In the embodiment illustrated in FIG. 5, each spacer has an elongated middle portion 44, and a shaped connecting portion 46 at each end. The shaped connecting portions 46 are configured to be held by openings 48 having substantially similar shapes in the electrode holder 16, as illustrated in FIG. 6. In the illustrated embodiment, the shaped portions 46 and the openings 48 have a substantially triangular shape, although the illustrated shape is not intended to be limiting in any way. The substantially triangular shape provides surfaces 50 on opposite sides of the elongated portion 44 of the spacer 40 that are configured to contact corresponding surfaces 52 on the electrode holder 16. Because the surfaces 50, 52 are angled with respect to a major axis MA of the elongated portion 44 of the spacer 40 and the tension in the spacer 40 will be along the major axis MA, the forces created by the tension may be distributed across a larger surface, as compared to a shaped portion having a circular or square shape with the same area.

Once the spacers 40 have been connected to the electrode holder 16 via the end portions 46, the flow lanes 42 are defined across the cavity 18 of the electrode holder 16. The spacers 40 are configured to essentially seal off one flow lane 42 a from an adjacent flow lane 42 b, that is separated by one of the spacers 40 so that the ionically conductive medium is guided to generally flow in substantially one direction. Specifically, the ionically conductive medium may generally flow in a first direction FD across the first electrode 12, from the inlet channel 24 to the outlet channel 26. A suitable pressure drop is generated between the inlet channel 24 and the fluidization zones 28 so that the ionically conductive medium may flow across the cavity 18 and to the outlet channel 26, even when the cell 10 is oriented such that the flow is substantially upward and against gravity. In an embodiment, the ionically conductive medium may also permeate through the first electrode 12, or an individual permeable electrode body 12 a-12 c, in a second direction SD and into a flow lane that is on the opposite side of the first electrode 12 or permeable electrode body 12 a-12 c.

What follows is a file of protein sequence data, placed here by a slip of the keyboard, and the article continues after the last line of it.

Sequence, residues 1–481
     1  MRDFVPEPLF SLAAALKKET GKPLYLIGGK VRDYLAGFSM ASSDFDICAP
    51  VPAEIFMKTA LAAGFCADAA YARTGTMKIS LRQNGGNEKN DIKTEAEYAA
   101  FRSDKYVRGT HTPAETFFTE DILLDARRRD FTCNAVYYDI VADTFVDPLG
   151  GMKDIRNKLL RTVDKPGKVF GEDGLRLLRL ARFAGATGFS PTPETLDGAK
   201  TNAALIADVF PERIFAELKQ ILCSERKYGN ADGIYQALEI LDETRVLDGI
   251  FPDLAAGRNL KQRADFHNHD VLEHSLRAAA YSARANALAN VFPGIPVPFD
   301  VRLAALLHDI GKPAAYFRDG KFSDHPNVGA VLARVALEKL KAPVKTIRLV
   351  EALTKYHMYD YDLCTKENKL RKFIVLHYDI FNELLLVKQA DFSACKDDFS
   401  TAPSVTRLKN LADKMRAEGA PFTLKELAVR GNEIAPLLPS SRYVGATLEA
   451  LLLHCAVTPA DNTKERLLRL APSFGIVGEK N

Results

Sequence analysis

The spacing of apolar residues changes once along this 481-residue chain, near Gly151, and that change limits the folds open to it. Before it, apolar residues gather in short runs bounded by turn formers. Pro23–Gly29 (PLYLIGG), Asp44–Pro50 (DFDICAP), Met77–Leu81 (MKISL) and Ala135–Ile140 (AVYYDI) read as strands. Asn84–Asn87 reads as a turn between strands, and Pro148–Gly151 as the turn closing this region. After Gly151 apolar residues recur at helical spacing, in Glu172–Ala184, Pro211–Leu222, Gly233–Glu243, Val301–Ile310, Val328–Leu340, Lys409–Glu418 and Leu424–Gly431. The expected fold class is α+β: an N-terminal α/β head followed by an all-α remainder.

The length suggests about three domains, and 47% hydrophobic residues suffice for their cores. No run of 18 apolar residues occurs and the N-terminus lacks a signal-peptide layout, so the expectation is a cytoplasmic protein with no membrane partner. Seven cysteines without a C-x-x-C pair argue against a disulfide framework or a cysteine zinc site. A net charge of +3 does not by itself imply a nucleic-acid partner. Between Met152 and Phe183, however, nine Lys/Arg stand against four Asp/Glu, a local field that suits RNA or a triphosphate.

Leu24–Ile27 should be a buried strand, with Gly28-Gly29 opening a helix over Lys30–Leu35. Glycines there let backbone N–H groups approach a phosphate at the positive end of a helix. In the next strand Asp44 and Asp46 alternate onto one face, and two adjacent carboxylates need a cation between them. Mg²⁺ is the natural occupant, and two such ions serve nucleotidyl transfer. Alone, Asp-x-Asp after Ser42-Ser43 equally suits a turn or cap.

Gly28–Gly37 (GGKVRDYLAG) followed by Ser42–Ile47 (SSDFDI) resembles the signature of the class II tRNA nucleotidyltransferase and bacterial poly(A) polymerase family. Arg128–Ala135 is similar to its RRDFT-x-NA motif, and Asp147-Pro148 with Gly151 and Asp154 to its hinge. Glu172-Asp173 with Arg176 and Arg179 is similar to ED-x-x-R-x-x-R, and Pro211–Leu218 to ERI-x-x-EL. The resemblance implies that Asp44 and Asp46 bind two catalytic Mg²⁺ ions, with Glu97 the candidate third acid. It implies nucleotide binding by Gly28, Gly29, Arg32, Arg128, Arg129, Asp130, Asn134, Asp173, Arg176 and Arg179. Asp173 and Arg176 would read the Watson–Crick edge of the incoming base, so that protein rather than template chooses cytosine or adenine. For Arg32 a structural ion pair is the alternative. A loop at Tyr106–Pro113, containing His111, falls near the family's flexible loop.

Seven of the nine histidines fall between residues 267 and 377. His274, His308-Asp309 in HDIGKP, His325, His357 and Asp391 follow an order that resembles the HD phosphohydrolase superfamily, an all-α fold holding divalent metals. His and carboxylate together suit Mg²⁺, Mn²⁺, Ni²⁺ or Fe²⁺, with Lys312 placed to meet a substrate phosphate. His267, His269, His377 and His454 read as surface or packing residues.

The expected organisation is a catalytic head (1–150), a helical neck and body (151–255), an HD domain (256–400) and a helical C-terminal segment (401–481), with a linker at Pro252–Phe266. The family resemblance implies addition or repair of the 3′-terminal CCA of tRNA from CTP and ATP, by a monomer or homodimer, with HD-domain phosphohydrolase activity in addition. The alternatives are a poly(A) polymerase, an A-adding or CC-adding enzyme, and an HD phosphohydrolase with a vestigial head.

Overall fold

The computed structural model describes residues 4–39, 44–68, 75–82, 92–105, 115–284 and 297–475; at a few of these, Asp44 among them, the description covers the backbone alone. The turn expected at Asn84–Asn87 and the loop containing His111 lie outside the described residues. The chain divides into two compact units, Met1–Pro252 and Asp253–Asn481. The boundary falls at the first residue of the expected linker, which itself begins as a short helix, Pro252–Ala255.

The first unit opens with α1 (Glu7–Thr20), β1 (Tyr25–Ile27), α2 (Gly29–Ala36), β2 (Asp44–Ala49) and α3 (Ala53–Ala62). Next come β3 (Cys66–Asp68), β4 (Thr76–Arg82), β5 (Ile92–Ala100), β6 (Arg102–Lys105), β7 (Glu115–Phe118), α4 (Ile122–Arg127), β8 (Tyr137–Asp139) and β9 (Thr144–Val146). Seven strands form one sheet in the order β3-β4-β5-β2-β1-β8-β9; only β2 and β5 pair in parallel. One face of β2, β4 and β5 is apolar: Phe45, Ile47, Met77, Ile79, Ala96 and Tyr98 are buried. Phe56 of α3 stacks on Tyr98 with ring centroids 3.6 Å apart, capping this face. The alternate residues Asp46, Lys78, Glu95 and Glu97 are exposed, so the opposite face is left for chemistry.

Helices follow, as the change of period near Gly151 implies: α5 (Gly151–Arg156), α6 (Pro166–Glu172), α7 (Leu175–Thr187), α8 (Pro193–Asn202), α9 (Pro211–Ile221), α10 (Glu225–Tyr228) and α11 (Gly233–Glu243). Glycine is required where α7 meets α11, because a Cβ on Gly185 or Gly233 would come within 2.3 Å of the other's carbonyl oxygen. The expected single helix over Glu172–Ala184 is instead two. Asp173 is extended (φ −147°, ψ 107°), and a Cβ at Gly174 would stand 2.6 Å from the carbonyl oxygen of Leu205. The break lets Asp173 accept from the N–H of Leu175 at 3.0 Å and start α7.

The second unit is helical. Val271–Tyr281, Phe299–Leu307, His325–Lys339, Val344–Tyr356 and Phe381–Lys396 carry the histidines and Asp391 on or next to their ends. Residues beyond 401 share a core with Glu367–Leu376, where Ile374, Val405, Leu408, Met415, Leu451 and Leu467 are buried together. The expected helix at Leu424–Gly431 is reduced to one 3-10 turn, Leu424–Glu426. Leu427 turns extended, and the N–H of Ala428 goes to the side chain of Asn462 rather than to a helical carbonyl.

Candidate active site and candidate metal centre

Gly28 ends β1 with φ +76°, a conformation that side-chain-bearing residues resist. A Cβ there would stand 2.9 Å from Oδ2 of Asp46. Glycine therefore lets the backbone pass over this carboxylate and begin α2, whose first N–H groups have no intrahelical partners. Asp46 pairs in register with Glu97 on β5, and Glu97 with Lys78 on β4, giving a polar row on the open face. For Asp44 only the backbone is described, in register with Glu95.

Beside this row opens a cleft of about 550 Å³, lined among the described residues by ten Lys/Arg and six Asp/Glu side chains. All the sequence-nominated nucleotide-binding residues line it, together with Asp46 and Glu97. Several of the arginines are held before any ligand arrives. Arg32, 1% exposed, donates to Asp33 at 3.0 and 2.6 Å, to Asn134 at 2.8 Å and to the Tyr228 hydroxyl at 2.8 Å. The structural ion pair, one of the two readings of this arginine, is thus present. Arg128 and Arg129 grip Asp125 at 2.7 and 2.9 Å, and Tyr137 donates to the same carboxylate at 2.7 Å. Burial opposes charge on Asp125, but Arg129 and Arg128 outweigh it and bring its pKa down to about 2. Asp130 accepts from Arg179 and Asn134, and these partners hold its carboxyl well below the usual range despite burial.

As illustrated in FIG. 8, the first electrode 12 is connected to an external load L so that electrons given off by the fuel as the fuel is oxidized at the first electrode 12 flow to the external load L. The external load L may be coupled to each of the permeable electrode bodies 12 a-12 c in parallel, as described in detail in U.S. patent application Ser. No. 12/385,489, filed on Apr. 9, 2009 and incorporated herein by reference.

The second electrode 14 functions as a cathode when the second electrode 14 is connected to the external load L and the cell 10 operates in discharge mode. When functioning as a cathode, the second electrode 14 is configured to receive electrons from the external load L and reduce an oxidizer that contacts the second electrode 14. In an embodiment, the second electrode 14 comprises an air breathing electrode and the oxidizer comprises oxygen in the surrounding air.

The oxidizer may be delivered to the second electrode 14 by a passive transport system. For example, where oxygen present in ambient air is the oxidizer, simply exposing the second electrode 14 to ambient air via openings in the cell, such as the openings that are provided by grooves 54 in the cover 19 and grooves 56 in the electrode holder 16 provided in the center of the electrochemical cell system 100, may be sufficient to allow diffusion/permeation of oxygen into the second electrode 14. Other suitable oxidizers may be used and embodiments described herein are not limited to the use of oxygen as the oxidizer. A peripheral gasket 15 may be positioned between the periphery of the second electrode 14 and the cover 19 or electrode holder 16, as appropriate, to prevent the ionically conductive medium from leaking around the second electrode 14 and into the area in the grooves 54, 56 for air exposure.

In other embodiments, a pump, such as an air blower, may be used to deliver the oxidizer to the second electrode 14 under pressure. The oxidizer source may be a contained source of oxidizer. Likewise, when the oxidizer is oxygen from ambient air, the oxidizer source may be broadly regarded as the delivery mechanism, whether it be passive or active (e.g., pumps, blowers, etc.), by which the air is permitted to flow to the second electrode 14. Thus, the term “oxidizer source” is intended to encompass both contained oxidizers and/or arrangements for passively or actively delivering oxygen from ambient air to the second electrode 14.

Electricity that can be drawn by the external load L is generated when the oxidizer at the second electrode 14 is reduced, while the fuel at the first electrode 12 is oxidized to an oxidized form. The electrical potential of the cell 10 is depleted once the fuel at the first electrode 12 is entirely oxidized or oxidation is arrested due to passivation of the fuel electrode. A switch 60 may be positioned in between the second electrode 14 and the load L so that the second electrode 14 may be connected and disconnected from the load L, as desired.

To limit or suppress hydrogen evolution at the first electrode 12 during discharge mode and during quiescent (open circuit) periods of time, salts may be added to retard such a reaction. Salts of stannous, lead, copper, mercury, indium, bismuth, or any other material having a high hydrogen overpotential may be used. In addition, salts of tartrate, phosphate, citrate, succinate, ammonium or other hydrogen evolution suppressing additives may be added. In an embodiment, metal fuel alloys, such as Al/Mg may be used to suppress hydrogen evolution.